Google Analytics Site Search with SEO-Friendly URLs
Google Analytics has great site search tracking features, but they rely on the URLs of your search results pages having a query parameter (the part of the URL after a question mark, with something like “?searchterm=testing” when you search for “testing”). There are ways around this to track site search without a query parameter (that’s an oldie but still a goodie from 2010), but all those workarounds involved adding or altering the code on your site in some way. But now there’s actually a new way to go about this for some URL structures that involves no code at all.
Site Search URLs without Query Parameters
Lots of sites eschew query parameters in favor of more SEO-friendly (and people-friendly) URLs, including on search results pages. Drupal sites are a common example, where instead of “?searchterm=testing” they use URLs like “/search/site/testing”. Here’s an example from drupal.org. If your site has URLs like this, where the search term (“testing”, in this case), appear in the URL but not in a query parameter, you’re in luck.
Google Analytics Site Search Filter
You already know you can use filters to do things like exclude an IP address from your Google Analytics data. But you can also use them to manipulate data, for example to pull data from one field to another. And recently, Google Analytics updated the list of filter fields to include the site search term, so we can make use of that to fill in the search term field. No code required!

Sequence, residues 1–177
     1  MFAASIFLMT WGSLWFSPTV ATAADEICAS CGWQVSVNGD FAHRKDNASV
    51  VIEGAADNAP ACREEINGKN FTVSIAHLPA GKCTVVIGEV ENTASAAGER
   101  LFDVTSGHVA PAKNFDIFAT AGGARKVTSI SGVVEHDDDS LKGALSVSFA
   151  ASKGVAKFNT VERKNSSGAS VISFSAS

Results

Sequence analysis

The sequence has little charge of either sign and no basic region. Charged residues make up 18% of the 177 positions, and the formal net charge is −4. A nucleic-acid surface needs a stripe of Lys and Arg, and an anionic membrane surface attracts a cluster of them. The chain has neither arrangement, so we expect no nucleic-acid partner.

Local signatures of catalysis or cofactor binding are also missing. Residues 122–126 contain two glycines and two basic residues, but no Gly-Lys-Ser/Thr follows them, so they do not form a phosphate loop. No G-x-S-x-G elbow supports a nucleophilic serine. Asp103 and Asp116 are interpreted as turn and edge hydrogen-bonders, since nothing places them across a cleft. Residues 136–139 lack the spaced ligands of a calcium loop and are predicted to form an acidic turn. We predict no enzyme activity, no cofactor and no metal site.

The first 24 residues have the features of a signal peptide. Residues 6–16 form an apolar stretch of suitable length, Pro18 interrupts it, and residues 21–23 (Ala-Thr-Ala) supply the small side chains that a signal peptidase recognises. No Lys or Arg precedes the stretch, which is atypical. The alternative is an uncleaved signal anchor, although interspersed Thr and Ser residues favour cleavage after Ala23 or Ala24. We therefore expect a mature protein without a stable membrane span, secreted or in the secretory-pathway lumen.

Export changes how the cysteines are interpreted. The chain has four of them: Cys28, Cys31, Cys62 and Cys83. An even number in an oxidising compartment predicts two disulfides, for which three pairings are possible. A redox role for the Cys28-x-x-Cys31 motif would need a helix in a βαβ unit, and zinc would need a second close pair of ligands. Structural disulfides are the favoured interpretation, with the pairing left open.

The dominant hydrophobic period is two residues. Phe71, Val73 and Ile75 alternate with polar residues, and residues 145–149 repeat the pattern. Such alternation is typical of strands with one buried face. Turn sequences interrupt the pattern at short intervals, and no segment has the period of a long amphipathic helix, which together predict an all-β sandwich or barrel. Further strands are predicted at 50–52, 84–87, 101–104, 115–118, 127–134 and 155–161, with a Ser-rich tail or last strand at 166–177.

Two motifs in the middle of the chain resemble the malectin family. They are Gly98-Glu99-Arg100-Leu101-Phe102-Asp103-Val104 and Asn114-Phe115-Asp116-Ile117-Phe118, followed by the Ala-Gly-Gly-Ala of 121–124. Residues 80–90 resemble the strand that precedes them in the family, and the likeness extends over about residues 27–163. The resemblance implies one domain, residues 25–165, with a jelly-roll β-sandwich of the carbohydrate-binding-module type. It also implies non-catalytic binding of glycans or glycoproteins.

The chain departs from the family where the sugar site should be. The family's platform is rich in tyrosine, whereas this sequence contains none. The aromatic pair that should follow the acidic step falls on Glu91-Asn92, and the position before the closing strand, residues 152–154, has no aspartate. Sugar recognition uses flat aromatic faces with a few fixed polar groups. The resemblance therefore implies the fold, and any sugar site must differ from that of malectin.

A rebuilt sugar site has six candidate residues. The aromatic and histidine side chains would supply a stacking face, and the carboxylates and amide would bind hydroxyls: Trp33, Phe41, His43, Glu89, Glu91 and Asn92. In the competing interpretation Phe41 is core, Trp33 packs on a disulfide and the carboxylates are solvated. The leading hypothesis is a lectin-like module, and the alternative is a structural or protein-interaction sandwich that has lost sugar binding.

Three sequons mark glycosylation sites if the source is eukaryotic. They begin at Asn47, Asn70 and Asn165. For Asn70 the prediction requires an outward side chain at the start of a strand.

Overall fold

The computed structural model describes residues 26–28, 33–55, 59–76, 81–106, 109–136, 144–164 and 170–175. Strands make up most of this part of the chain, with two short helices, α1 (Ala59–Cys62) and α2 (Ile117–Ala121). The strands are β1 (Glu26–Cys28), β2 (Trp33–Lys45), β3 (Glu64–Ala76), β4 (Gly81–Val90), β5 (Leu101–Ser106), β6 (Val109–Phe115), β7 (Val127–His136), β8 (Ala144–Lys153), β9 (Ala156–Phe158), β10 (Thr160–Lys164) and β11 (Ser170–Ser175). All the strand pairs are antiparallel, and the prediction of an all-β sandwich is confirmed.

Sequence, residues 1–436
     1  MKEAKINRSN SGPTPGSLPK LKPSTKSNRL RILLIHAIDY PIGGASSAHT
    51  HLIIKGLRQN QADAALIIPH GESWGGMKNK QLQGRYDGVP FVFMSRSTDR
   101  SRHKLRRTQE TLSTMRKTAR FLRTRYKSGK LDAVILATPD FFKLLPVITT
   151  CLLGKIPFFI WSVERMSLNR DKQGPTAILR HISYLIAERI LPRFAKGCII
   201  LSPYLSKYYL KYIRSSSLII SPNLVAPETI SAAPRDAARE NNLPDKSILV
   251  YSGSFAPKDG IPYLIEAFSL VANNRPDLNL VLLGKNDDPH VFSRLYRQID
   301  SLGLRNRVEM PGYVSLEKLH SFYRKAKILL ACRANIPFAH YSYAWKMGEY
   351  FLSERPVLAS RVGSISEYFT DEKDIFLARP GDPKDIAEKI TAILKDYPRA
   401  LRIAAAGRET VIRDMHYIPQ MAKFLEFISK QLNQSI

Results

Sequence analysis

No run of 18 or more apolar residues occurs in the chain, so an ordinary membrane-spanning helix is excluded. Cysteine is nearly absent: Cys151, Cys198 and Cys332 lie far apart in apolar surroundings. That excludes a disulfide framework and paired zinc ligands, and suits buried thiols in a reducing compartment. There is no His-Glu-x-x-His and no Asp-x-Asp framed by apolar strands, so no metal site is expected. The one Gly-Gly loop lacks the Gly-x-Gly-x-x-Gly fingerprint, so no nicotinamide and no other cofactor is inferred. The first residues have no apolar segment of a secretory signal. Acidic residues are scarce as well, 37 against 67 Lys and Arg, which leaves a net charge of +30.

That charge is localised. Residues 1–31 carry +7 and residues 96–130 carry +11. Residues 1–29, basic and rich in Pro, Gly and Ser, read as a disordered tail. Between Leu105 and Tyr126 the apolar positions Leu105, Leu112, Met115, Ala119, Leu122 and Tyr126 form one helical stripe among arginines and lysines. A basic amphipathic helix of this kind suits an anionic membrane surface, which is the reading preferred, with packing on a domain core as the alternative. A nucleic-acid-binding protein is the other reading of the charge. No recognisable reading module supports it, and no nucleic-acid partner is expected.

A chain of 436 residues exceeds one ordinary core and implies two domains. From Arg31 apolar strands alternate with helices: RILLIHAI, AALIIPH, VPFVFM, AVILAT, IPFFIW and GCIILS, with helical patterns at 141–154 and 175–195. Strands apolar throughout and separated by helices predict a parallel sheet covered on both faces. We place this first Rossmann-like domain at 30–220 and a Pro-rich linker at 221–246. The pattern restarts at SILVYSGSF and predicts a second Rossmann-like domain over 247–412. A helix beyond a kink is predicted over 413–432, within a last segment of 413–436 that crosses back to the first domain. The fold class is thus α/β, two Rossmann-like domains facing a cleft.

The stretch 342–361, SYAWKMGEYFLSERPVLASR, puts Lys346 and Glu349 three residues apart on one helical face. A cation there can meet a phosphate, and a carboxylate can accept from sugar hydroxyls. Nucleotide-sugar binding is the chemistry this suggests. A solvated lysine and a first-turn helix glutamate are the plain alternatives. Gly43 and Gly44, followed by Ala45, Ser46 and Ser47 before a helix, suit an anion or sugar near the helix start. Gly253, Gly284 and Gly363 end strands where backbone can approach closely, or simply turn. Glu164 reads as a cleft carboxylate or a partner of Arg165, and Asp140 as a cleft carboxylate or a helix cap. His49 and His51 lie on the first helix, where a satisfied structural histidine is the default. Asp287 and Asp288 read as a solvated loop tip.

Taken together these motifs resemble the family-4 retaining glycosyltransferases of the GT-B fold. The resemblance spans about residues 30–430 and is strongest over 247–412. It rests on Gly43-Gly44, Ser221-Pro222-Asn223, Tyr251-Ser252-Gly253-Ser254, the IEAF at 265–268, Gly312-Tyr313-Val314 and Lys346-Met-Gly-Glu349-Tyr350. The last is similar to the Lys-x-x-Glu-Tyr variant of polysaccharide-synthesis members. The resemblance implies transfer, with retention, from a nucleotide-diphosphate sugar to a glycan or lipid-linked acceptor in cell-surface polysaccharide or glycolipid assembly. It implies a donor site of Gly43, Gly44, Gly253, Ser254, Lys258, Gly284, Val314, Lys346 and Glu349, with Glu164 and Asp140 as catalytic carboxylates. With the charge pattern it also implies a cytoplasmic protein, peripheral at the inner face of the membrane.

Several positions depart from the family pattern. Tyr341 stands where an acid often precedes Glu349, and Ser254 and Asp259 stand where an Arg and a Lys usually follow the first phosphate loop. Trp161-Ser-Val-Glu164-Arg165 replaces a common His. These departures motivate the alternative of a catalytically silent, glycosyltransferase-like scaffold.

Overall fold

To create this filter, you need to be an administrator. Create a new filter for your profile, and set it up this way:
- Choose “Custom” and “Advanced” as the filter type.
- In Field A, choose Request URI (that’s the page, the field we want to grab). Use a regular expression to match the part of the URL you want in parentheses. In my example URL “/search/site/testing” where “testing” is the search term, that would be
/search/site/(.*). Your URLs may be different or more complicated, so adjust your regular expression accordingly. Read more about regular expressions in our ebook on regular expressions for Google Analytics, and more about advanced filters.
- In Field B, leave it blank. We don’t need a second field for anything here.
- For the Output To field, select Search Term, and enter
$A1in the input. That says “grab the first set of parenthese from Field A”, which contains our search term.
- Save the filter.
And that’s it! Like all admin settings, it will only take effect on your data going forward.
About Jonathan Weber
Jonathan Weber is the Data Evangelist at LunaMetrics. He spreads the principles of analytics through our training seminars all over the East coast. The next seminar he'll be leading will be a Google Analytics training in Boston. Before he caught the analytics bug, he worked in information architecture. He holds a Master’s degree from the University of Pittsburgh School of Information Sciences. Jonathan’s breadth of knowledge – from statistics to analysis to library science – is somewhat overwhelming.